Nice! This from the Telegraph (UK). Let's hope it keeps raining.
The Central American country, which has long boasted of its green credentials on energy policy, was able to achieve the milestone thanks to heavy rain in the first three months of the year.
Around four-fifths of its electricity supply comes from hydro-electric power, which was boosted by rainfall at four major dams.
Costa Rica is one of the most developed countries in Latin America, ranking above Italy and several other European Union countries in the annual prosperity rankings put out by the Legatum Institute, a think-tank.
Its environmental record may not be easily copied by other nations - its tropical climate with high rainfall, mountainous interior, and relatively low population of 4.8 million people give it an advantage in terms of renewable energy.
More than ten per cent of its electricity in some years is generated by geothermal projects operating from its string of active volcanoes. It also has wind, biomass and solar energy plants.
Tapping volcanic heat! How cool is that!
Additionally, it has a low heavy industrial base, with its economy relying on tourism, agriculture - particularly bananas and coffee - and an Intel microprocessor plant.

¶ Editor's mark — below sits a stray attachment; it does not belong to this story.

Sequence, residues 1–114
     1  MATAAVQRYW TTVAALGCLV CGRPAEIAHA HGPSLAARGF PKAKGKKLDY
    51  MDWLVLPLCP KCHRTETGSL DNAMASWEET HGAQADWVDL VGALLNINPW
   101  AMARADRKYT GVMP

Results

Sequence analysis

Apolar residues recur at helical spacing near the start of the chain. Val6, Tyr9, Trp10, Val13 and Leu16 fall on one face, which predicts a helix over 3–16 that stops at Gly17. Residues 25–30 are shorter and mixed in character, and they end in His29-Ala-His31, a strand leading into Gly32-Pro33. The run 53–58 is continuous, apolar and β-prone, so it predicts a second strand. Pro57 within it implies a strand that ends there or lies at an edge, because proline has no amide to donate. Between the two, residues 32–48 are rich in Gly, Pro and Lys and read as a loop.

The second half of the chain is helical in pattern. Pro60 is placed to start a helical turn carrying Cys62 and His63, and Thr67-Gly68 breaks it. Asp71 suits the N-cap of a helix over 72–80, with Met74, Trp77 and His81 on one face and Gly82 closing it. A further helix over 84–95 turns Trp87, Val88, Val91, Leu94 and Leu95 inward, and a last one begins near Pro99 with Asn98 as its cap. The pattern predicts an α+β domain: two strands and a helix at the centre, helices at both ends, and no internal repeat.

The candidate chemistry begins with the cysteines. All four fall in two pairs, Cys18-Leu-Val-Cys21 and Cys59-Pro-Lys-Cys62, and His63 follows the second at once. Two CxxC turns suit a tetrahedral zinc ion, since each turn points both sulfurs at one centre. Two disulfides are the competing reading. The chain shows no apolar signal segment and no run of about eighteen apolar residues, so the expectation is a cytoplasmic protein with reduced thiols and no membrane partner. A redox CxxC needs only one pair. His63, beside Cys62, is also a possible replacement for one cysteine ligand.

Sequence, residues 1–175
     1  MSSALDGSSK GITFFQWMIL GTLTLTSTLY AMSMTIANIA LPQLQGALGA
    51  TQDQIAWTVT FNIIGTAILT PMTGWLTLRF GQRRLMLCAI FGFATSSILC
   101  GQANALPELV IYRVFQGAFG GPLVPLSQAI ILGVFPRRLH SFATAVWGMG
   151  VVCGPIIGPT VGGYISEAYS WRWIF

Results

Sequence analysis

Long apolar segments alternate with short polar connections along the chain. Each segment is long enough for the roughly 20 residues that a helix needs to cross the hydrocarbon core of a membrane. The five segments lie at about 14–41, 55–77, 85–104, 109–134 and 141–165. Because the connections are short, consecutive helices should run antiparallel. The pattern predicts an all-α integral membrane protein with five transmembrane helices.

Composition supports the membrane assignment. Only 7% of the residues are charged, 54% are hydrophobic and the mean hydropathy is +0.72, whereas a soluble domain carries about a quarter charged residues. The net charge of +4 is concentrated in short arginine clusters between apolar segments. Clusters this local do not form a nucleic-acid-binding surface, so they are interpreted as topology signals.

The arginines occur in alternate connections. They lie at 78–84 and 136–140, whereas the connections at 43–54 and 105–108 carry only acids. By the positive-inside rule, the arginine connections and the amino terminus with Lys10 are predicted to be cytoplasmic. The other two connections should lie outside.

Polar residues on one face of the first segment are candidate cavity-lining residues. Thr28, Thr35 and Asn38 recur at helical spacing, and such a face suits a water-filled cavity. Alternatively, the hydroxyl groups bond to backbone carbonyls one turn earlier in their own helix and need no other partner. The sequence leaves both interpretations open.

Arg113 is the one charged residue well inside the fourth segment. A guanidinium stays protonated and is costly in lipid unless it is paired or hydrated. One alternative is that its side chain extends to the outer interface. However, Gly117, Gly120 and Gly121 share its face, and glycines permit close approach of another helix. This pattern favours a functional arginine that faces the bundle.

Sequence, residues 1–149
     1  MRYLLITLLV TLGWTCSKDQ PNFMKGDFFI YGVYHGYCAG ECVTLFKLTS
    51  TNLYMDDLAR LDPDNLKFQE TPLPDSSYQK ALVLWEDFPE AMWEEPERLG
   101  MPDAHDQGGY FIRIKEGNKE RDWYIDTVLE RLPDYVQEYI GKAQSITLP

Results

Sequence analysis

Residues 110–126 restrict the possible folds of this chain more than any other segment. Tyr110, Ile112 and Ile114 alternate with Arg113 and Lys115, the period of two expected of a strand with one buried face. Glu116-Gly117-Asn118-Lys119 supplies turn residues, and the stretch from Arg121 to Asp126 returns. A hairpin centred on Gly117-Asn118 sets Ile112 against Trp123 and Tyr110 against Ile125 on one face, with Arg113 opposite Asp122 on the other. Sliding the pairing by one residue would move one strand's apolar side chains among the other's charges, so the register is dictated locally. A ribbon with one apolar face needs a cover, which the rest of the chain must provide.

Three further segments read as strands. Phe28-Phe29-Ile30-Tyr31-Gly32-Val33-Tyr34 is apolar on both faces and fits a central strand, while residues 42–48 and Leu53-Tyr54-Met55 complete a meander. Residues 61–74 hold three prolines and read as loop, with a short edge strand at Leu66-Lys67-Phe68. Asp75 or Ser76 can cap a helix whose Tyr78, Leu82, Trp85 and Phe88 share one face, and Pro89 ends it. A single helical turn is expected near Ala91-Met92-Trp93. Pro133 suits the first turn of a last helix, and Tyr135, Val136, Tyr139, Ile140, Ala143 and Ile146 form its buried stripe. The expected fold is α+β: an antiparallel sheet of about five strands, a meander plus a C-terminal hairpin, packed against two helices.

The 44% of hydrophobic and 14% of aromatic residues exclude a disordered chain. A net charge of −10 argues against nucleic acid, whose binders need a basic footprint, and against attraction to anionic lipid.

Last year, all but six per cent of its energy was generated renewably.
That figure should come down further when a new geothermal project, commissioned last year by the government at a cost of $958 million, comes on stream.
“It’s good news that more geothermal will be coming on board, as there are obvious downsides of being too reliant on hydro-power, especially run-of-the-river systems, which can be hindered by seasonal changes in water flow,” Jake Richardson, an analyst at Clean Technica, told Science Alert.
Back in the late 70's when I was living in Jamaica, I had an opportunity to visit Costa Rica, but went to Panama and then to Guatemala (where my brother Jim was in the Peace Corp) instead.